(This article is also available as a moofie. Watch it now)
Sometimes a superior technological product is "beaten" by an inferior competitor and a lot of early adopters are left scratching their head and moaning. "But
BETAMAX is BETTER" they say. Or "but
mercurial is better!" Or "
Scriptaculous is better than
JQuery!" and so on.
In many of these cases, the problem isn't the 'core product' but the 'total product'.
The total product encompasses everything other than the product itself. Traditionally this means the support, warranty, and documentation. But in the modern world it includes the rich ecosystem of related products, the social network of influencers, the free online learning, the depth of answers at stack overflow, the app store, the plugins/add-ins and much much more.
In the case of
mercurial, GitHub is an overwhelmingly large part of the 'total product', as is the network effect arising from the existing user base. It's this huge outer part of the total product that ensures the core product can out-perform a superior competitor.
(Note that the "size" of the circles relate to "how great is the product" NOT "how large is the product")
JQuery is a case where the core product was bolstered by the plugin capability, which created a 'total product' that was far superior to its competitors at that time.
Open-source is an interesting case of tradeoffs made around 'outer product'. Not too long ago many traditional businesses (think 'Fortune 500') were reluctant to adopt or take part in open source technology because there was no obvious support or warranty, in other words, they saw problems with the "total product". But the open source world's strength is in other parts of the outer product: the rapid updates and broad informal support that you can only get from a truly open system. So over and over we see open source technology adopted by mainstream businesses.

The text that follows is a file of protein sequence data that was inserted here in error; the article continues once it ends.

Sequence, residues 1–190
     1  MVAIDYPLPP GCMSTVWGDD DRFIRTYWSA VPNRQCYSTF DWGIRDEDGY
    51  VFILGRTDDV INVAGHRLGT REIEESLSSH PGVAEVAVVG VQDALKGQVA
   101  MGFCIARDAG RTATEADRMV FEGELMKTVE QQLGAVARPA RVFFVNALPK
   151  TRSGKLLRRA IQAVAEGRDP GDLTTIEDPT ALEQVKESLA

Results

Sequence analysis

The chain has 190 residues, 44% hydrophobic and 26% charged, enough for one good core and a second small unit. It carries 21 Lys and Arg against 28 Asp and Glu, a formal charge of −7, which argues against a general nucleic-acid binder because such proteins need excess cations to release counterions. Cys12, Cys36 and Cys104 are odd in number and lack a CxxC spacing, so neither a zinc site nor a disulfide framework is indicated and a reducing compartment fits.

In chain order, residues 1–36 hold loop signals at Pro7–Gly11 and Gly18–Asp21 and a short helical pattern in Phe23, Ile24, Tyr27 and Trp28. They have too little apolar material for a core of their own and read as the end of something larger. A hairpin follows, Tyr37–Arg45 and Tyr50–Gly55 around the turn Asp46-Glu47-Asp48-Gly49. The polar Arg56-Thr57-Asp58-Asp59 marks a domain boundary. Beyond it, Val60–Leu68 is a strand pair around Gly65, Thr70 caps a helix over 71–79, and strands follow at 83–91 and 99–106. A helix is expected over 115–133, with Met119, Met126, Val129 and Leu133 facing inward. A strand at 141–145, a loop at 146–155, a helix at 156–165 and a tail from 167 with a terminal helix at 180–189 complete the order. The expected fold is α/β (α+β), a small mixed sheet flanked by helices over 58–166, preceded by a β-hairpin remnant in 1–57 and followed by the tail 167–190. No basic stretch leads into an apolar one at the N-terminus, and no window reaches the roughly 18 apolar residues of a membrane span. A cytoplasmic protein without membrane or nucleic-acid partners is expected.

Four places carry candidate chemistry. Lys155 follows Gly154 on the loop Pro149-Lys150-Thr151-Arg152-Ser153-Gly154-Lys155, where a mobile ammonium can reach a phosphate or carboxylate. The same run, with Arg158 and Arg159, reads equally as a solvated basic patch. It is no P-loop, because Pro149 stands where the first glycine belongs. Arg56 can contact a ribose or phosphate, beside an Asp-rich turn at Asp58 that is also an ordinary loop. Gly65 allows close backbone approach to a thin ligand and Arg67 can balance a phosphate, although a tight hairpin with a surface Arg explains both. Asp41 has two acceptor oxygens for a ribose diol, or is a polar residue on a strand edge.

And I love this quote from Miguel de Icaza, creator of Mono:
When I ask myself "what would have the most impact today?" I sit down and write documentation.— Miguel de Icaza (@migueldeicaza) December 12, 2015
...revealing how the outer product is so often neglected.
How does this relate to your humble first product?
It's an invitation to put more time into developing the total product instead of endlessly focusing on the core product. And it's about asking yourself if you can find ways to get customers and supporters involved in helping you grow the total product. Instead of adding one more feature that may or may not be used, how about improving the website that every potential customer gets to see? Instead of focusing on the indenting of your code, how about writing some basic documentation, that can help real people? Instead of optimizing an algorithm that only runs once a month, how about building relationships with other businesses that offer complementary goods and services? Instead of adding more options to the option screen, how about working your way through the support backlog, and maybe even sending a special thank you to your best customers and supporters?
My book "Choose Your First Product" is available now.
It gives you 4 easy steps to find and validate a humble product idea.